While schools and hospitals are historically founded and have, arguably, respective qualifying functions in the analytic and moral (or biotic), I would suggest that both education and health care are biotically founded and morally qualified. In this way education and health care would fall within the original sphere of competence of the family. Therefore I suggest that tax-based funding for education and health care is incompatible with Dooyeweerd's conception of societal sphere sovereignty.

4. Not a laissez-faire conception
Dooyeweerd distinguishes his conception of societal sphere sovereignty from the laissez-faire view of classical liberalism. While Dooyeweerd acknowledges that classical liberalism was significantly influenced in its development by Christianity, he traces the basis of its assumptions to the humanistic groundmotive of Nature – Freedom. Upon this motive, classical liberalism asserts the sovereignty of the individual with certain inalienable rights. In this conception, the state is therefore formed by contract for the sole purpose of protecting these individual rights, primarily life, civil liberty, and property.

In contrast to Dooyeweerd's view of the necessity of an intrinsic limit to the state, the laissez-faire conception constitutes a mere external or extrinsic limit upon the state. This mere extrinsic limitation is not only misconceived with regard to the diversity of creation in both its modality and individuality-structures, but it is utterly insufficient in practice. Historically, the laissez-faire conception has been unable to withstand the pressures of an absolutistic conception of the so-called common good that is not itself qualified by the limit of a state's intrinsic nature.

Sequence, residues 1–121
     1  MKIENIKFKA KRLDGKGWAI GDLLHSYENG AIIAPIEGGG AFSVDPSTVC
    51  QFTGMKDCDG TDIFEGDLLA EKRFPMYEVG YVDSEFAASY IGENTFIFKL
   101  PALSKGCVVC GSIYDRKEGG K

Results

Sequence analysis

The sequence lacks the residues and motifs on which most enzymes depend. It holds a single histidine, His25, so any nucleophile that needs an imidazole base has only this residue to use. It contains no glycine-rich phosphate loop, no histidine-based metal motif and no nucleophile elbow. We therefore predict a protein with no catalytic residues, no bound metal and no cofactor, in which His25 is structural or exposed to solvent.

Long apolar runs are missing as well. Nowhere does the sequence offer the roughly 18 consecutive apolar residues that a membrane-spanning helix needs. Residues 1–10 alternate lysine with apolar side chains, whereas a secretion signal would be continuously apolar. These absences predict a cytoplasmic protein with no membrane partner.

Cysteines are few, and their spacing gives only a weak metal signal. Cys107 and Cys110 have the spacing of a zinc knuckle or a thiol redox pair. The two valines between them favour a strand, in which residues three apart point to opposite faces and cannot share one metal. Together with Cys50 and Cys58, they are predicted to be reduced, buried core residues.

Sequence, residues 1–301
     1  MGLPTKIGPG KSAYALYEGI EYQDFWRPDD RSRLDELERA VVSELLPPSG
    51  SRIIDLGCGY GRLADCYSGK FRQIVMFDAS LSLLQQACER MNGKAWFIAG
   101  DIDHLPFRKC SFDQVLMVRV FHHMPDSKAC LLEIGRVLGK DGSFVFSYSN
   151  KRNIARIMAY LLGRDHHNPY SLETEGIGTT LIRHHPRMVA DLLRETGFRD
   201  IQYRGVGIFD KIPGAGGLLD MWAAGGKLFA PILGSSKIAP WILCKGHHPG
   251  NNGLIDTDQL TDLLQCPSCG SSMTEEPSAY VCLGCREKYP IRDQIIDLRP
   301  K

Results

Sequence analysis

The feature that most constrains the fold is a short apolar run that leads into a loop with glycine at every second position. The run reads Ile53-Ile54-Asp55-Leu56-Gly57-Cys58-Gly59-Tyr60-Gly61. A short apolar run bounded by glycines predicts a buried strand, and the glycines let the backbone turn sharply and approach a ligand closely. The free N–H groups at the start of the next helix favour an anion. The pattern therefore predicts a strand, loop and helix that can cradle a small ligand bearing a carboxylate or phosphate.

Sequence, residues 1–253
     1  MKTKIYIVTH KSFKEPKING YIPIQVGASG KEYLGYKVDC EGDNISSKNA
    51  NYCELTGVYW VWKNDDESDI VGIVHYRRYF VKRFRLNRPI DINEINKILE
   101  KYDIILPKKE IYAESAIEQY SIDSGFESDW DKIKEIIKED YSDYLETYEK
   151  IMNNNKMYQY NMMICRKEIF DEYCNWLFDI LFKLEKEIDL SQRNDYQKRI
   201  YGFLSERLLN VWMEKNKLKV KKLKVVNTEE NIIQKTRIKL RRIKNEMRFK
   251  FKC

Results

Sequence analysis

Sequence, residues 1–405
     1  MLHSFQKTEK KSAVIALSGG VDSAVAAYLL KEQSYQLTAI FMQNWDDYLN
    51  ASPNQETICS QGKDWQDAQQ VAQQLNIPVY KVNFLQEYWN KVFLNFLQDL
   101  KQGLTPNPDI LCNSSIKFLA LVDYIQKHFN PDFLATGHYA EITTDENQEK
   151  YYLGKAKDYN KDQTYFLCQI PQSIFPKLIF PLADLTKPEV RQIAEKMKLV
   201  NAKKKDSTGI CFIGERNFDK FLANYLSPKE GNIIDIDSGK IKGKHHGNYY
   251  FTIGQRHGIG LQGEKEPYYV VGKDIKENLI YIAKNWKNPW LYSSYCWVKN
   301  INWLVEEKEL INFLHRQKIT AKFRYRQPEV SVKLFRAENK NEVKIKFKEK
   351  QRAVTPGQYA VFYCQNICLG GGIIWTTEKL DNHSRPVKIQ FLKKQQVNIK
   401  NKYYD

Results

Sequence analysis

5. Conclusion: challenging the Zeitgeist
The conception of societal sphere sovereignty as developed by Dooyeweerd is not a popular one. This conception is rooted in the Christian groundmotive, affirming creational diversity, theoretically elaborated in terms of modality and individuality-structures and the intrinsic limit of distinct sovereign societal communities. Just as Smeenk and Dooyeweerd were a minority in their day among the would-be followers of Kuyper in defending a genuine conception of societal sphere sovereignty as neither statist nor laissez-faire, the view that tax-based funding for social programs is incompatible with Dooyeweerd's conception is woefully in the minority among those who identify themselves as being in Dooyeweerd's line of thought.

However, those who are bold to stand against the current tax-based orthodoxy are called to endure and move forward together faithfully. Moreover, we have good hope in doing so, having that inner motivation of the Spirit's power by that groundmotive of His Word, namely creation, fall, and redemption through Christ Jesus. With regard to his conception of societal sphere sovereignty which is based in the Christian groundmotive Dooyeweerd says:
"And it is to us, kindred in spirit, to take hold of this incomparably rich idea, to make it our own, to possess it spiritually as the heritage of our fathers, that we may carry it everywhere for the benefit of the entire community, now so drastically tortured, as the only balm for its wounds" (Xian idea of the state, p.155).